Step One: Don't be a tourist!
Ok, I know that we fell into this trap ourselves when we traveled throughout Italy, but I'm telling you all to "Do as we say, not as we did!" You shouldn't spend all your time waiting on unimaginably long lines just to get into must-see tourist sites. There's real life out there away from the tourist throngs. I would suggest allocating only about 20% or less of your time trying to get into the "must see" sights that every other tourist is trying to see and 80% actually experience the Italian way of life.
As difficult as it is, try not to go where every other tourist is going. I know this is hard for the first timer to Italy--it was for us--to decide not to see the Sistine Chapel or Michelangelo's David. We spent a nightmarish, sweaty, stuffy, exhausting morning being enveloped and shoved by throngs of cruise ship tours in the Vatican Museum (Sistine Chapel included) and St. Peters--and believe it or not, this was a so-called "private tour" with our own personal guide! Sure, it was great seeing the Sistine Chapel, but as museums go, the Vatican Museum is not up to world standards in terms of comfort, proper care of the art displayed, lighting, cleanliness or how it handles the huge crowds they stuff into the place. And speaking as an artist, there was no opportunity to sit and admire Michelangelo's creation properly. (Read about our Vatican tour HERE.)
The second part of this tip is to s l o w d o w n...
You can't possibly see everything in Italy. When I first started planning our trip ten months before we left, every time I zoomed in to a different part of Italy on Google Earth I kept finding more and more outrageously wonderful things that I added to my pin map. I still have those Google maps saved in case we go back to Italy. Even when we were in one region, like Puglia, for example, I had dozens of things pinned in the area that we never got to see--that we just didn't have time to see. Still, I looked at it as having a list of options for a given area we happened to be in, knowing that we'd never get to see all of them.
There are 46 million tourists swooping down on Italy every year with the "high season" getting wider and wider (we went in October... I can't imagine how much more crowded the tourist sites are in late spring or summer!) But you have to remember, that almost anywhere you go in Italy, in every region, there is a plethora of art, palaces, aqueducts, museums, vineyards and great food everywhere! Even the smallest villages we passed through were worth a stop, a picnic and offered great subjects for photography. Castles... they are everywhere. Hill towns?--Where aren't there any? Roman ruins? Everywhere you look. Great architecture and churches? Fine art? Great wine? Yes, even in the small villages and towns. Great food? Pick a cuisine--any of the 20 regional cuisines in Italy!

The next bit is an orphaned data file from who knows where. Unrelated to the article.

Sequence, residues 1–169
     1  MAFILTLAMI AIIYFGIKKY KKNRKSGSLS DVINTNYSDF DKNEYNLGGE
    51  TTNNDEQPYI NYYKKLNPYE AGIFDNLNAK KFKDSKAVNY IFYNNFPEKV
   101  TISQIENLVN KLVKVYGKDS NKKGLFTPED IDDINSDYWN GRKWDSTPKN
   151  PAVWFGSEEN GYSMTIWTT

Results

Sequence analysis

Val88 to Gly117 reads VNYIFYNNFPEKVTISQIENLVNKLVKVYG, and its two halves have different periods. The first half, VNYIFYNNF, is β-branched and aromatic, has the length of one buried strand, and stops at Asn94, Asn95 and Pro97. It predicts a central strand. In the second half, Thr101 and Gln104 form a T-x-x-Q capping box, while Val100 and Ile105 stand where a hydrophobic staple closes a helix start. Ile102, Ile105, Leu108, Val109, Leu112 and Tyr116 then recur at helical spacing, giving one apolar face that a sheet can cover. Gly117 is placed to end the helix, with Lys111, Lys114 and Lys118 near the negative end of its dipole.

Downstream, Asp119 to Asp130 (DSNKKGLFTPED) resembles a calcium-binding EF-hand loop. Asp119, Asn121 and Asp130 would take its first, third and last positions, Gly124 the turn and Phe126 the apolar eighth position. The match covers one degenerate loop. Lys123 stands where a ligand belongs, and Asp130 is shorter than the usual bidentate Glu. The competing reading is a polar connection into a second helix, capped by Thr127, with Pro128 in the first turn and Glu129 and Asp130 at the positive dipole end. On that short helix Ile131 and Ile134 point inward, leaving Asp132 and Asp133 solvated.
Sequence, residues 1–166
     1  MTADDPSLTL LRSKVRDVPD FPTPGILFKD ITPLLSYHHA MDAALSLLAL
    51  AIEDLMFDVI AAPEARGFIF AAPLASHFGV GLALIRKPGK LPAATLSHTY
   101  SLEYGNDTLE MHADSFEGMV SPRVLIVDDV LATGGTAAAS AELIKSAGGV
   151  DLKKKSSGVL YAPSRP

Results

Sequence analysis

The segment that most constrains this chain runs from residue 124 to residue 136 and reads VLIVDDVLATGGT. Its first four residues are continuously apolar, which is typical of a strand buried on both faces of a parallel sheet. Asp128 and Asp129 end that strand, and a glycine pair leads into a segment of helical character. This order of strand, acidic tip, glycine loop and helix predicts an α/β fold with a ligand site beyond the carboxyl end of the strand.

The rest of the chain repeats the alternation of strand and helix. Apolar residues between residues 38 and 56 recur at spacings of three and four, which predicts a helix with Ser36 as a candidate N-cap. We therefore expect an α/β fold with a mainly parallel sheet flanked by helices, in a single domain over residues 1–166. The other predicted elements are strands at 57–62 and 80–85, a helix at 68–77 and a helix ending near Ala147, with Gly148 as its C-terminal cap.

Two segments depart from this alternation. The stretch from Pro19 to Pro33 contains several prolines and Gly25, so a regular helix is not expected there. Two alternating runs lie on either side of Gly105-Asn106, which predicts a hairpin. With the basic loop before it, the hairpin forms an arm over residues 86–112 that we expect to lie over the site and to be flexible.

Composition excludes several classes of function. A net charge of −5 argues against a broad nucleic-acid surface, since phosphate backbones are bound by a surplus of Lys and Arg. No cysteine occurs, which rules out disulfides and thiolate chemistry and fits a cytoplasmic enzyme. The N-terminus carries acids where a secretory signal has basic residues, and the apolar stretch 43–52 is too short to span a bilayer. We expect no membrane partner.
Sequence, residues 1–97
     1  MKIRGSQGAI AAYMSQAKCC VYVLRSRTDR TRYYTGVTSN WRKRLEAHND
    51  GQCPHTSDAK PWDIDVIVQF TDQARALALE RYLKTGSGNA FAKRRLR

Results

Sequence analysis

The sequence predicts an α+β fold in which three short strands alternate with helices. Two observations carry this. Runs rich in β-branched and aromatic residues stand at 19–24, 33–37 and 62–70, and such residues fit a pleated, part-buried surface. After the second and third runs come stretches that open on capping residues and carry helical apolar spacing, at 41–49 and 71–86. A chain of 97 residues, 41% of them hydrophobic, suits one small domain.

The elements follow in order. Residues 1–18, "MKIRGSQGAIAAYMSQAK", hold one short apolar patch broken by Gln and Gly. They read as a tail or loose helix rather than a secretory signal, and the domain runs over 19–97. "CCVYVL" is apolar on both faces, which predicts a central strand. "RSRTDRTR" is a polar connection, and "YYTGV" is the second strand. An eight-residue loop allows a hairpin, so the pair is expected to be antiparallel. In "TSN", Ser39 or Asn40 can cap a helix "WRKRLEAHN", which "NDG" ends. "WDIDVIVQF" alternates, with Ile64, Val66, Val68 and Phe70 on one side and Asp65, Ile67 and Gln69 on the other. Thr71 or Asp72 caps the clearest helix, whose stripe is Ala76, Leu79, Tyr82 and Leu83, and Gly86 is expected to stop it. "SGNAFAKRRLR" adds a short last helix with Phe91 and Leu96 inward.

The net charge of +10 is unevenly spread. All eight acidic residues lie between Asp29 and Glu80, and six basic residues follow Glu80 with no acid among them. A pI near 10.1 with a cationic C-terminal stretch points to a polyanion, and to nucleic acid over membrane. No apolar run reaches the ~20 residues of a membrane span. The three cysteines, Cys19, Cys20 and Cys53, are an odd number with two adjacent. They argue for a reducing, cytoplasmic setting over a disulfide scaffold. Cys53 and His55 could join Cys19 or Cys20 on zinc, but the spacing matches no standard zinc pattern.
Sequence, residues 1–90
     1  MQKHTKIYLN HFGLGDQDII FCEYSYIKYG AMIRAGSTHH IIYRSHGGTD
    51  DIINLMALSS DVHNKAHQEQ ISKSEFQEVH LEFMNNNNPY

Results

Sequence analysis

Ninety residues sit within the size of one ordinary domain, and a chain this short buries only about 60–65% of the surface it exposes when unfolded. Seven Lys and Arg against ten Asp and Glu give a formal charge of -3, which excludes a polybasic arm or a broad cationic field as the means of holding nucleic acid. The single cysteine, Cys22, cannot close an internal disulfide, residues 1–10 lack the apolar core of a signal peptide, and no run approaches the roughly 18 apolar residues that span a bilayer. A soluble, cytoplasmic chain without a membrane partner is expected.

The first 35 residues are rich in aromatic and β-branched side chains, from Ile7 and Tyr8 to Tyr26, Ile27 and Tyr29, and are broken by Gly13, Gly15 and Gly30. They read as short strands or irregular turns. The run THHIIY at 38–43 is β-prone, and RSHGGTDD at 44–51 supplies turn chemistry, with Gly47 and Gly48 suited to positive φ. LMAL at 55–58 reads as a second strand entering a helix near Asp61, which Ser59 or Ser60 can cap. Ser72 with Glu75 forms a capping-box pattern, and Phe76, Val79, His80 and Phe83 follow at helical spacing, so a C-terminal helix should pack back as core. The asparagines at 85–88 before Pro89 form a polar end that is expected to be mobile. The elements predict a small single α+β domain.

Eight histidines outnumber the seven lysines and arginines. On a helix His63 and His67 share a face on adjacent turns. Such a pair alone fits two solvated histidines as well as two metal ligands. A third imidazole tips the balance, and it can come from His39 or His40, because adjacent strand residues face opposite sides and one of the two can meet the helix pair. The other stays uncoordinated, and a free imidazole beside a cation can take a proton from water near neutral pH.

So, take your time and by all means, slow down, and plan on savoring each and every bit of Italy and you'll find a higher degree of appreciation and satisfaction for La Bella Italia. Don't rush through anything. If you find that the lines are way to long, consider getting out of line and walk the other way... find something else around the next corner, in the next piazza or in the next village.
One last part of this tip: Smile at locals and try to talk to them...
Learn at least a little Italian before going to Italy. Talk to the ladies in the alimentari when buying your picnic supplies. Point a lot... smile a lot. Try talking to taxi drivers. I found them to really open up when you talk to them and ask about their lives. Learn basic phrases like Questo or Quello (This one... that one), Come si chiama? (What is this called?), Dove ___? (Where is found ____?), Grazie (thanks) and Per favore (Please).... and of course, Grazie (thanks--and say it properly: grat-zee-EH). You might not understand everything they say back to you but you will be experiencing the people of Italy. Take their photograph to remember their smiles. Give them your smile in return.
Remember, you are going to Italy to see, to smell, to taste and to feel... and to take home souvenirs... in the literal sense of the word... memories. Your goal should be to come back home with a part of the Italian lifestyle as part of your soul. Italia will never leave you...
If you enjoyed this article, please SHARE it with your friends and tell them to stop by Grand Voyage Italy's blog. Grazie mille.
There should really be a tiered level of visits to the Vatican Museum, sold through lotteries. Those proving some art credentials--like academics or students of art--should be allowed a different time of day where they can spend a decent amount of quiet contemplation--something that isn't an option today. To stop the wear and tear on the museum itself (the patterned floor tiles are getting worn through!), the general tourist public should only be allowed to visit a smaller section of the museum, with a limited number of people accessing the Sistine Chapel at the same time. Or, as they have done with other fragile tile or mosaic floors in other churches in Italy, put raised walkways so tourists' feet never touch the tiles. Also, no children under 10 should be allowed. Visitors should also be expelled whenever they break the rules of the Church, like men wearing hats. ---JF
Copyright 2015, Jerry Finzi/Grand Voyage Italy - All Rights Reserved
2/21/2018 09:39:17 am
Hi, You have so many posts. do you have any that target Positano???
2/21/2018 10:20:08 am
If you do a search on GVI for "Positano", you'll find posts that reference the town, but you've made me realize that I've never done a comprehensive story about Positano. Great idea, especially since it's typically the first large Amalfi Coast town that a voyager comes to when driving the Coast Road from Sorrento... east to west. I'll put that on my to-post list!
Your comment will be posted after it is approved.
Leave a Reply.